A rotary encoder uses digital encoding of pulses in either a clockwise or counter-clockwise direction to determine relative location. This particular rotary encoded includes a push button as part of the shaft.
This example shows how to connect a single, simple rotary encoder, and use the output as a MIDI controller.
This particular encoder has five pins. The group of three pins on one side is the encoder. The group of two pins on the other side is the
For the group of three encoder pins, connect the right hand pin to a digital pin on the Teensy. In this case, pin 2 has been chosen. Connect the left hand pin to a digital pin on the Teensy. In this case, pin 3 has been chosen. Connect the middle of the three pins to ground.
These particular pins have been selected because they support interrupts on the Teensy LC. Refer to the Teensy pinouts to see possible pins, labelled INT. Note that Teensy 3.1 and 3.2 support interrupts on all digital pins.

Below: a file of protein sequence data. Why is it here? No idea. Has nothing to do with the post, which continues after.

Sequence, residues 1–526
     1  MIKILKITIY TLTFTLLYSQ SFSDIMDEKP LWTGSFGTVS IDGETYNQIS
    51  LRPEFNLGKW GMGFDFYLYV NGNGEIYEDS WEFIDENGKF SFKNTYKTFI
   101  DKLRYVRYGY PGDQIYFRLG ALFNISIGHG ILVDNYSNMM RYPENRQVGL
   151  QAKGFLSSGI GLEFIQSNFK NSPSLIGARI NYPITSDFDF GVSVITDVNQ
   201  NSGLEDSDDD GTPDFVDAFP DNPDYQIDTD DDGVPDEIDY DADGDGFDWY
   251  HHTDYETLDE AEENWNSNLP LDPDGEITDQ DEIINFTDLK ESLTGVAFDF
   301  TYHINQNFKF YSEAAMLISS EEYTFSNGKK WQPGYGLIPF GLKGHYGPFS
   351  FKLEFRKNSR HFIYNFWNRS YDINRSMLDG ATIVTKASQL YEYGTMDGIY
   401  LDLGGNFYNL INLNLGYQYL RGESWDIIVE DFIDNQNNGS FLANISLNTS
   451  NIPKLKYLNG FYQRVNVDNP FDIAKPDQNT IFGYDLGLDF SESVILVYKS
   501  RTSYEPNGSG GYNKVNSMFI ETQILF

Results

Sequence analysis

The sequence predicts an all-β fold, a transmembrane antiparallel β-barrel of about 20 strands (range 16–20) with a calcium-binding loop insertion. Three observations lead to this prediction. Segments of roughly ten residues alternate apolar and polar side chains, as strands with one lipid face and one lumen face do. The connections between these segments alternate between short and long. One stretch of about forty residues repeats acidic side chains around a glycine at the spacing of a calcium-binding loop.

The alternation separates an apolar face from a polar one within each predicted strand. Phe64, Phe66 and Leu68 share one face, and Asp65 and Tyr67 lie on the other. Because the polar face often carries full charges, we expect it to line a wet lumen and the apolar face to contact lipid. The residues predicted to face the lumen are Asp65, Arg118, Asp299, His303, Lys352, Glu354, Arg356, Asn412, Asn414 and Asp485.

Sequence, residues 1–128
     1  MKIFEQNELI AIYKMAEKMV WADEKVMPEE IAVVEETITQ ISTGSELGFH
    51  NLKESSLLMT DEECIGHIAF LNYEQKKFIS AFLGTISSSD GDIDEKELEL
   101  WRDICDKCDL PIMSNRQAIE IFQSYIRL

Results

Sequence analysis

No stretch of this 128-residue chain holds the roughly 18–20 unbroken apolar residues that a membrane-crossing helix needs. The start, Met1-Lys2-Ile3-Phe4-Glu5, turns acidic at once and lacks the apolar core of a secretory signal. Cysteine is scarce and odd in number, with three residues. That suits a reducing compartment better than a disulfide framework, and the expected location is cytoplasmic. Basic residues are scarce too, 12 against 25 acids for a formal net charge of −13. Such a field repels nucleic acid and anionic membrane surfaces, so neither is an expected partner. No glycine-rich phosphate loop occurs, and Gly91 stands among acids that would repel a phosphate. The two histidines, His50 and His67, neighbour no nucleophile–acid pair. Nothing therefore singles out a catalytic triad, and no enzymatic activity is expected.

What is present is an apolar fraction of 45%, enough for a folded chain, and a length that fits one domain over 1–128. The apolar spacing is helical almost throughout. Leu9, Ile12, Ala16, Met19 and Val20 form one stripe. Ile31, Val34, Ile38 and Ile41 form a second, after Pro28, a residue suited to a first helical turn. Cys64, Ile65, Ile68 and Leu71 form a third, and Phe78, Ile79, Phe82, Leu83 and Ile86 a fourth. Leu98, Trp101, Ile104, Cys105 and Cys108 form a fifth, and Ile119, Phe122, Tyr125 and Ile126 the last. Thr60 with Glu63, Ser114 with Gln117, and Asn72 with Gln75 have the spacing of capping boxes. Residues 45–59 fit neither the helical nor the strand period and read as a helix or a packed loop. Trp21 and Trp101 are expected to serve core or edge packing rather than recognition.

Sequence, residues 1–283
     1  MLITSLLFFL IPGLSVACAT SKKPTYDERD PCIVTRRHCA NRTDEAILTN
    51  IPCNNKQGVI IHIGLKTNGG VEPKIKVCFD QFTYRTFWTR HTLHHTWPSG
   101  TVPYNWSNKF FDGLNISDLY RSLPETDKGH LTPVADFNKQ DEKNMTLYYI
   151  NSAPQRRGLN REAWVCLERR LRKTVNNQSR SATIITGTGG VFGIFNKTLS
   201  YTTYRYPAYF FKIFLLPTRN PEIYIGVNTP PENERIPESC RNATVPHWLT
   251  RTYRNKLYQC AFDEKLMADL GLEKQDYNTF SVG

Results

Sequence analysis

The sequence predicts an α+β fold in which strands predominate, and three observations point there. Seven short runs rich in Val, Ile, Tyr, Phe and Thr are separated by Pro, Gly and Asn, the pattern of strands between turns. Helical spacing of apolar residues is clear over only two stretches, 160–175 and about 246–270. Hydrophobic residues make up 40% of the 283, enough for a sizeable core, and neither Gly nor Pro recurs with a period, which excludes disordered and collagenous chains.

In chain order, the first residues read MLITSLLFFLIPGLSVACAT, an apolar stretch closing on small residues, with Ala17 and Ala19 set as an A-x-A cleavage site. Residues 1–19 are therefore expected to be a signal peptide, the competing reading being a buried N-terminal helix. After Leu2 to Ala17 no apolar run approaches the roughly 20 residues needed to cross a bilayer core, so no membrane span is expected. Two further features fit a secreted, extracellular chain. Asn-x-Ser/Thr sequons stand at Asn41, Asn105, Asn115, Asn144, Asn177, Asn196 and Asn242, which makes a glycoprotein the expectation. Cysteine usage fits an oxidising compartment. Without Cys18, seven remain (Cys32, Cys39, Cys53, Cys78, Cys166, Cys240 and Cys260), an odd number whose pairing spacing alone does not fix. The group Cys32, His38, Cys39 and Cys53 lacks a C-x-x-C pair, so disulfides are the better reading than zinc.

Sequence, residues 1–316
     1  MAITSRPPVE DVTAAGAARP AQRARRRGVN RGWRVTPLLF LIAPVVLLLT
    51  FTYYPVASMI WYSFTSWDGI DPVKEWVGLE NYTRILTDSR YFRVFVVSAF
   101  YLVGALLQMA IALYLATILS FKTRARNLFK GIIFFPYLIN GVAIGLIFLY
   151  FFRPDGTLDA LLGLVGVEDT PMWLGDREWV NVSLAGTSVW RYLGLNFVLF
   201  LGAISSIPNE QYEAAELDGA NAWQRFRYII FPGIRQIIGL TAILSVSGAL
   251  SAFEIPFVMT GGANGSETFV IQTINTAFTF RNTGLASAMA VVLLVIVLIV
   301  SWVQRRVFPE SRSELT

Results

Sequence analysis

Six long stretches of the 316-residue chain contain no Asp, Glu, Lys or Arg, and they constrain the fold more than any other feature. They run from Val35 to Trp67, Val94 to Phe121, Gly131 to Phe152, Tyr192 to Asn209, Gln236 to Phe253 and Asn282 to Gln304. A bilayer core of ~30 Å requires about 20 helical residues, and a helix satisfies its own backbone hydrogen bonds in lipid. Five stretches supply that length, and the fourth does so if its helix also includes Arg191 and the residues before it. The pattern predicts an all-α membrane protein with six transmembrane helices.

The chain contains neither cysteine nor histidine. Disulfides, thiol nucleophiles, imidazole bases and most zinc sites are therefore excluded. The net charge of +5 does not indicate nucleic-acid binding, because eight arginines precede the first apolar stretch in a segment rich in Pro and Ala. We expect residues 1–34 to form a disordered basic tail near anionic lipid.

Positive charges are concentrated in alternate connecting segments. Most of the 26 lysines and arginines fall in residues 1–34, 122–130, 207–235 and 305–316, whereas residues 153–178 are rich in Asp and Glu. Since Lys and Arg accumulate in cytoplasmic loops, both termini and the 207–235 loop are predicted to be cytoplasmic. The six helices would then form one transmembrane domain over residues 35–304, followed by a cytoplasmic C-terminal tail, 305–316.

For the group of two button pins, connect one pin to a digital pin on the Teensy and the other pin to ground.
Download here: http://milkcrate.com.au/_other/downloads/arduino/Teensy_Rotary_Encoder.ino
The code uses the encoder library, which is included with the Teensyduino install. The encoder is mapped to MIDI CC #1 channel 1, and is constrained to 0 - 127. The button is mapped to MIDI CC#2 channel 1.
Saturday, July 30, 2016
A Mira control surface patch with high resolution MIDI support.
The MIDI mapping is as follows:
• Keyboard: MIDI notes 24 - 53
• Buttons: MIDI notes 60 - 72
• Pitchbend slider: 14-bit pitchbend
• Modulation slider: 7-bit CC #1
• Dials: 7-bit CC #2 - 3
• Toggles: 7-bit CC #4 -15
• Touch X and Y: 7-bit CC#16 - 17 (paired with CC#48 - 49 in 14-bit high res mode)
• Multislider with 8 sliders: 7-bit CC#18 - 25 (paired with CC#50 - 57 in 14-bit high res mode)
Download here: http://milkcrate.com.au/_other/downloads/max_patches/little-scale.Mira.MIDI.Surface.maxpat